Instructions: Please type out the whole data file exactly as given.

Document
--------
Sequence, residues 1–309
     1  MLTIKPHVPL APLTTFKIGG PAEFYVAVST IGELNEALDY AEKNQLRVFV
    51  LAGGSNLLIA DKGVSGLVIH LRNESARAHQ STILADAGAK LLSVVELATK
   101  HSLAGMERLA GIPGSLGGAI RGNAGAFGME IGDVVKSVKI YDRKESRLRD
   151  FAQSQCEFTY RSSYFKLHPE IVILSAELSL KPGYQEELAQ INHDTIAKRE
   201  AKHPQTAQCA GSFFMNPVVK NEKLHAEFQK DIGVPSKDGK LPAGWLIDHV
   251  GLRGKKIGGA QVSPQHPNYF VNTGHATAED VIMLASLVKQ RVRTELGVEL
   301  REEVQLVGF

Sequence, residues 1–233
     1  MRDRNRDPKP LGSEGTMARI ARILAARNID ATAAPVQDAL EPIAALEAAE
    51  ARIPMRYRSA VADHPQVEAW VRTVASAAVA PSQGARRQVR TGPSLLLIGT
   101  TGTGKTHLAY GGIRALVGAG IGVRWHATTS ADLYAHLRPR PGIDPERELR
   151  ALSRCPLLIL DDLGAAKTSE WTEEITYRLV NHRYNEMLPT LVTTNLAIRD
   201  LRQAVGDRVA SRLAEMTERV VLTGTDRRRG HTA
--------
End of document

Sequence, residues 1–309
     1  MLTIKPHVPL APLTTFKIGG PAEFYVAVST IGELNEALDY AEKNQLRVFV
    51  LAGGSNLLIA DKGVSGLVIH LRNESARAHQ STILADAGAK LLSVVELATK
   101  HSLAGMERLA GIPGSLGGAI RGNAGAFGME IGDVVKSVKI YDRKESRLRD
   151  FAQSQCEFTY RSSYFKLHPE IVILSAELSL KPGYQEELAQ INHDTIAKRE
   201  AKHPQTAQCA GSFFMNPVVK NEKLHAEFQK DIGVPSKDGK LPAGWLIDHV
   251  GLRGKKIGGA QVSPQHPNYF VNTGHATAED VIMLASLVKQ RVRTELGVEL
   301  REEVQLVGF

Sequence, residues 1–233
     1  MRDRNRDPKP LGSEGTMARI ARILAARNID ATAAPVQDAL EPIAALEAAE
    51  ARIPMRYRSA VADHPQVEAW VRTVASAAVA PSQGARRQVR TGPSLLLIGT
   101  TGTGKTHLAY GGIRALVGAG IGVRWHATTS ADLYAHLRPR PGIDPERELR
   151  ALSRCPLLIL DDLGAAKTSE WTEEITYRLV NHRYNEMLPT LVTTNLAIRD
   201  LRQAVGDRVA SRLAEMTERV VLTGTDRRRG HTA